“I listen when I shave in the morning. I listen when I brush my teeth at night. I listen in the car and when I’m exercising. I guess that makes me an audio bibliophile, or it is biblio audiophile?”
Talking with John Dean
Author and political analyst John W. Dean—yes, that John Dean, of Watergate fame—has listened to audiobooks for decades. “I listen all the time,” he says. “I listen when I shave in the morning. I listen when I brush my teeth at night. I listen in the car and when I’m exercising.” With a gentle laugh, Dean adds, “I guess that makes me an audio bibliophile, or it is biblio audiophile? Or whatever.”
A voracious reader, Dean says he is able to get through more books when he supplements reading with listening. He generally prefers nonfiction, but fiction offers a nice change, he says. And almost always he listens to unabridged titles or, at least, longer abridgments. “I find you don’t really get the flavor of the book if they abridge it too far. Six hours seems okay. But four hours is too short.”
With this enthusiasm for audio, it’s no surprise that Dean worked closely with the producers at Simon & Schuster Audio on the recording of his most recent book, The Rehnquist Choice: The Untold Story of the Nixon Appointment that Redefined the Supreme Court. Dean had always wanted to do a book showing the backstage details of a Supreme Court appointment. As an aide to the president, Dean was involved in the Justice Department at the White House at the time of President Nixon’s appointments, but he didn’t have access to enough material to write an authoritative piece alone. When the Nixon presidential tapes became available through the National Archives, Dean knew he had the unique trove of information he needed to do his book. “It was such a unique inside examination of the process of the nomination. It’s such a unique situation having the tapes,” he says.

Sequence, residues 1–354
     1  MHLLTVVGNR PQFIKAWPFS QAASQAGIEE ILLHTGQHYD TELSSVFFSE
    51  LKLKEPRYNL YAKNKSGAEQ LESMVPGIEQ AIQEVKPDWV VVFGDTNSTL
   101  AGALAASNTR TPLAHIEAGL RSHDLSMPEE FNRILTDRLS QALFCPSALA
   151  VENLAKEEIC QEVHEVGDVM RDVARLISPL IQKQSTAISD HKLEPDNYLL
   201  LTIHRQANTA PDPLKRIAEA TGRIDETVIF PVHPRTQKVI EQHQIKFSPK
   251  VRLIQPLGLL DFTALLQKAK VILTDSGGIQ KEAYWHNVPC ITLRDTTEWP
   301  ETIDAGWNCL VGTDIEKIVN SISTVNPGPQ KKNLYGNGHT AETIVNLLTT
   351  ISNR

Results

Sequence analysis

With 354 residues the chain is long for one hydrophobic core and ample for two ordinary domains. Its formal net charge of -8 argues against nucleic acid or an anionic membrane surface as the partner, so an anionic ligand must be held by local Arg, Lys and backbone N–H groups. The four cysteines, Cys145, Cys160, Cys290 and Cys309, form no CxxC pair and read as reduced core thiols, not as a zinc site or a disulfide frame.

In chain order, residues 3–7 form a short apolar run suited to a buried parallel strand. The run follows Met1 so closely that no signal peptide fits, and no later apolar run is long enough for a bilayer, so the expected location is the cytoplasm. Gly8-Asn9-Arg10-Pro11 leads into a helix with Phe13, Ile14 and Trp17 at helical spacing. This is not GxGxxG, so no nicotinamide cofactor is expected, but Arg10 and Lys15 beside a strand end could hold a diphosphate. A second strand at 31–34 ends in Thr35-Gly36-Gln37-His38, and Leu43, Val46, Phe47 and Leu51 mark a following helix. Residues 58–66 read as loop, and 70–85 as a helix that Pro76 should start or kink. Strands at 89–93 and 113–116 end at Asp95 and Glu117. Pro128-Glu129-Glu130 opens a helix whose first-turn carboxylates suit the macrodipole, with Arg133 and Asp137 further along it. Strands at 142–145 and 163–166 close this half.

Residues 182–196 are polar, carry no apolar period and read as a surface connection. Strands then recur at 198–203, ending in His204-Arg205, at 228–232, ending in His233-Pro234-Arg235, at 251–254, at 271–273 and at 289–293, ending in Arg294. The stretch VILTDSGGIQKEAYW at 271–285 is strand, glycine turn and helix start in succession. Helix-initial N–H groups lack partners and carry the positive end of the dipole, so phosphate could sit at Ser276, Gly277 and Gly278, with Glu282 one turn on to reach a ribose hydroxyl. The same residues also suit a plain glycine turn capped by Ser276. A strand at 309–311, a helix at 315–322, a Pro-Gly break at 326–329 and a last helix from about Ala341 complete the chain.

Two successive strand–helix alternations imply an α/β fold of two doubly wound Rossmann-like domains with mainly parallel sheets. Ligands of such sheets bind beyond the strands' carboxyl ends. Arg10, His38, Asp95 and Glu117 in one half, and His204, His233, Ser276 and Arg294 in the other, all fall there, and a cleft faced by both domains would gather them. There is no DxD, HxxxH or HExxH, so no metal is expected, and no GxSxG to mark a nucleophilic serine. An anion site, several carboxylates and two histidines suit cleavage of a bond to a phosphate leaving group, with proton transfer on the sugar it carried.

As he was working on the book, Simon & Schuster approached him about an audio version. Dean the audiophile immediately said yes. “They originally wanted me to read the whole thing, but I didn’t want to do it for a couple of reasons,” he says. One, he was still working on the manuscript itself. Two, “I don’t really like authors who read their own work. They often aren’t the best of readers, and it’s sort of egomaniacal,” he says, again with the quick chuckle that marks much of his conversation.
So Simon & Schuster asked veteran reader Boyd Gaines to do the narration. Simon & Schuster also made two crucial suggestions. The first involved using edited excerpts from the Nixon tapes themselves. Dean says, “The book is actually an abridgment of the tapes. Then they abridged them even further for use in the audio. But they [S&S] realized they were taxing the listener with the quality of some of the tapes. So the voice-over with the actual conversation going on in the background works nicely.”
The second suggestion involved using Dean himself in the production. The editors had reworked Dean’s book, shifting most of it from the strictly first-person voice to third person. Then in passages where first person was the only effective choice, Dean does the reading himself.
The audio is an abridgment of the book, but not a substantial one. “When they finished,” Dean says, “I was embarrassed to see how much more tightly they edited me. The book could have been shorter.”
Then Dean mentions that the audio has a different ending than the book. In the book, Dean presents an analysis of Rehnquist’s testimony during Senate confirmation hearings and questions how truthful the nominee was. The book ends abruptly, with the phrase “He lied.” The audio, on the other hand, concludes with: “Where I had hoped to find compassion, I too often found intolerance and insensitivity.” Dean wanted it this way, knowing how listeners differ from readers. “For the listener,” Dean the listener says, “it ends the book a little more gently.”—Rich Gotshall